“Get a Horse!”: What Early Reactions to Bicycles, Automobiles, and Airplanes Can Teach Us About Self-Driving
Note: This is the debut column from Pessimists Archive creator Louis Anslow, a writer and amateur historian, whose Twitter account, newsletter, and podcast examine popular culture’s historic love-hate relationship with new technologies.
When the Wright Brothers proved manned flight possible in the early 1900s, the prospect of mass commercial air travel still felt distant and fantastical. It may have been technically possible, yes, but it was certainly not inevitable. Only nine weeks prior to the Wright Brothers first controlled-powered flight in Kitty Hawk, North Carolina in 1903, the New York Times ridiculed those attempting such a feat in a piece headlined, “The Flying Machines Which Do Not Fly,” positing it could take between one million to ten million years for humans to achieve flight.
Two decades later, as airplanes were becoming a common sight in the skies, and mass commercial air travel was transitioning from science fiction to science fact, this new form of transportation was still eliciting some strong reactions in both the public and the press. In 1928, the Times noted popular contempt for airplanes in an article subtitled “A Skeptical Nation Visits Upon the Airplane the Doubts it Once Felt for the Automobile.” The article drew comparison to similar treatment of “horseless carriages”—aka automobiles—and other transport innovations, and it detailed the types of ridicule experienced by users.
This pattern of disinterest and derision often meets pioneers of transport innovations, and it continues to be as prevalent today as it was a century ago. This is true whether the technology travels by land or air; has one wheel or four; or is piloted by humans or by artificial intelligence-guided machine—as with the self-driving cars being tested on our roads today.
First They Ignore You, Then They Laugh at You
As ridiculed as the Wright Brothers and other aeronauts were in their day, early adopters of bicycles (or velocipedes) got even ruder treatment. As noted by the Times in 1872, an epidemic of heckling children (themselves unflatteringly described as a “shameless and exasperating mouthpiece of crude and unreasoning public opinion”), were blamed for the bicycle’s decline in popularity. The piece painted a vivid picture: “The velocipede rider was exposed, unaided, to the jeers and insulting comments of his tormentors. His style of riding was ridiculed; his dress, and especially his boots, were openly disparaged, and contemptuous wagers were loudly laid upon his probable mental condition.”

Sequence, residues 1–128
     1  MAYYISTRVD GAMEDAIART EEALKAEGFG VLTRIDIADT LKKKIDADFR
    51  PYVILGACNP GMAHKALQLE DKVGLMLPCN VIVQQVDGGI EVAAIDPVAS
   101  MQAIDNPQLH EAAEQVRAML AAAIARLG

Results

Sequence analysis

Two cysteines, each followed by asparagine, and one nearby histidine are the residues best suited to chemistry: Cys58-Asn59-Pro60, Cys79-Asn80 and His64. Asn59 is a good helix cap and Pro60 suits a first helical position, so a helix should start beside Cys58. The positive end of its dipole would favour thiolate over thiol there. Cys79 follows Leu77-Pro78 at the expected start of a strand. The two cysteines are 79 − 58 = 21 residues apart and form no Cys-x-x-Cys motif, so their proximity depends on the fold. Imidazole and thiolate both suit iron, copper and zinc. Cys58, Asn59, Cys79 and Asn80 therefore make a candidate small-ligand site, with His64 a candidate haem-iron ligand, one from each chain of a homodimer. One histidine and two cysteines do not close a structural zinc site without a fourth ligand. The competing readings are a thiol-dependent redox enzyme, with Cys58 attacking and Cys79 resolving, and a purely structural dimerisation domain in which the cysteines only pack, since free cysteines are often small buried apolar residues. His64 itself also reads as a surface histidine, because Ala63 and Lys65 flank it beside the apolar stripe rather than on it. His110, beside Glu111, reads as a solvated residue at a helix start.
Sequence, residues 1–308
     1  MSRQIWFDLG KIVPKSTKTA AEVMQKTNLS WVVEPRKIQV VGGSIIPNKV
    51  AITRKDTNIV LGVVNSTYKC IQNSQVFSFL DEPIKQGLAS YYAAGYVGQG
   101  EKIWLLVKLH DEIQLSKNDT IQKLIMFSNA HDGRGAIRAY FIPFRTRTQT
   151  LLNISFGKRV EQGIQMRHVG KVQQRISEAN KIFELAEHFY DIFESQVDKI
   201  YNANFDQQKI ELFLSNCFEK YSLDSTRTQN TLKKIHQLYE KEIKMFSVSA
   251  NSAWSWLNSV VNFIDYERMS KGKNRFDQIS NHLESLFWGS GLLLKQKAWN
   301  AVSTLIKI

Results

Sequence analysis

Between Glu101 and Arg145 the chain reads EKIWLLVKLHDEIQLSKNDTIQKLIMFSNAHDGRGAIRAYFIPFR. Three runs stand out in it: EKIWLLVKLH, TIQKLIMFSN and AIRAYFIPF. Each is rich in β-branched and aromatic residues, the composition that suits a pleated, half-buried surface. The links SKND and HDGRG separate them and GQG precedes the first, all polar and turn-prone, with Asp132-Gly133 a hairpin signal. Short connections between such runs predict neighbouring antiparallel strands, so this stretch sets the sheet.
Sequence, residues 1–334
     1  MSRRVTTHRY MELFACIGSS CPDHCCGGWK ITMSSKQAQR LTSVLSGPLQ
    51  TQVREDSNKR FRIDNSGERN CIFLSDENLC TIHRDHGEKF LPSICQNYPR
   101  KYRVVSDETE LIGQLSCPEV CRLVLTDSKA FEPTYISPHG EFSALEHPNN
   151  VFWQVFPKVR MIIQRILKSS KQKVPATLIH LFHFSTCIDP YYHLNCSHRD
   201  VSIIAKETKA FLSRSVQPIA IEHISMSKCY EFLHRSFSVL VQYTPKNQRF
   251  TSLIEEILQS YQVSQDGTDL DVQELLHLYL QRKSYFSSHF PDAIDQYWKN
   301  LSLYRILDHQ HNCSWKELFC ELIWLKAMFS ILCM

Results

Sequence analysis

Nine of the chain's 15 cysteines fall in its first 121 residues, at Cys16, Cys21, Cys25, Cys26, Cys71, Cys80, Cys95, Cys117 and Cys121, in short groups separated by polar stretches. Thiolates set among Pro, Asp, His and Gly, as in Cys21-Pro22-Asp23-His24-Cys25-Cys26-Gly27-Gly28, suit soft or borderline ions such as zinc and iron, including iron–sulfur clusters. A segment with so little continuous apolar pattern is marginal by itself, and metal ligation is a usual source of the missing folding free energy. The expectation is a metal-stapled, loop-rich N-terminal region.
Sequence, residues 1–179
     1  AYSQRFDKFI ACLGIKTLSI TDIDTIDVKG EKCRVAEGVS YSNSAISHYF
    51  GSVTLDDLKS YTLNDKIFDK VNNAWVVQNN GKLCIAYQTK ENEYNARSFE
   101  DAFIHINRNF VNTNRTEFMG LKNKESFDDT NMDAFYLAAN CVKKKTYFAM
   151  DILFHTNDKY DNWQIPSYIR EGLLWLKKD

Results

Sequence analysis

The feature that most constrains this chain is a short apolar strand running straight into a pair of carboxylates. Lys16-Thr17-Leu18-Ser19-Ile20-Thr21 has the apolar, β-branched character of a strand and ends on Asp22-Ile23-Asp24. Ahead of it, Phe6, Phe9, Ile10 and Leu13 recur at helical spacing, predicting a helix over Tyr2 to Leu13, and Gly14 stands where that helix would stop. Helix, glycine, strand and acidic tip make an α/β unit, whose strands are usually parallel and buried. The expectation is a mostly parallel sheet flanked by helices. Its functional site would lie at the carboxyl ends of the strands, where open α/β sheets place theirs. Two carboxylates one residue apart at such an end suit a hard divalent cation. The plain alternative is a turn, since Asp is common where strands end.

These reactions bear a striking resemblance to those elicited by early adopters of horseless carriages. Henry Ford himself was once called a “loafer” as he motored through town on an early automobile. “Get a Horse” was a common jibe thrown at early auto users, a term the 1928 Times piece said “voiced the confidence of human nature in the sure ultimate triumph of horse sense over folly.” In 1915 Henry Ford himself would use the term, sarcastically yelling “Get a horse!” as he passed a broken down automobile.
A century later, the Segway, the latest two-wheeled upright vehicle to hit the streets, received similar treatment. When the Segway was first unveiled on Good Morning America, host Diana Sawyer asked, “Is that it?” Later, The Daily Show’s Jon Stewert quipped that the Segway would do to transportation “What the beer hat did for both beer and hats.”
Hoverboards, a more popular and affordable evolution of that technology, were also the butt of jokes, as in an SNL skit referencing a spate of cheap, poorly made devices combusting. Most recently electric scooters couldn’t even find an ally in Elon Musk, who, when asked why Tesla had not added one to its electric vehicle lineup, said that they simply “lacked dignity.”
Then They Fight You
Of course, it’s not just a question of dignity that mars first impressions of transportation innovations. When a new transportation mode first becomes commercially available, it is often a high-cost item which one would only desire once one already had everything else. In 1910, only a few years after the Wright Brothers burst onto the scene, astronomer William H. Pickering made the same logical fallacy about the value of airplanes:
“The popular mind often pictures gigantic flying machines speeding across the Atlantic and carrying innumerable passengers in a way analogous to your modern steamships. … It seems safe to say that…even if a machine could get across with one or two passengers the expense would be prohibitive to any but the capitalist who could use his own yacht.”
A cohort of wealthy early adopters can also breed a populist backlash. In 1902, a Senate hearing on regulating automobile speeds heard testimony that country roads traditionally used by farmers were now “almost monopolized by millionaire automobilists,” and that these “men of education…ought to know better.” Resulting laws were proposed to limit speeds to 15 MPH, about the speed of a horse-drawn carriage, thus defeating the point of fast-moving automobiles. Five years later, car drivers had become so disliked that farmers threatened to open fire on “autoists” who refused to stop at a pedestrian’s command.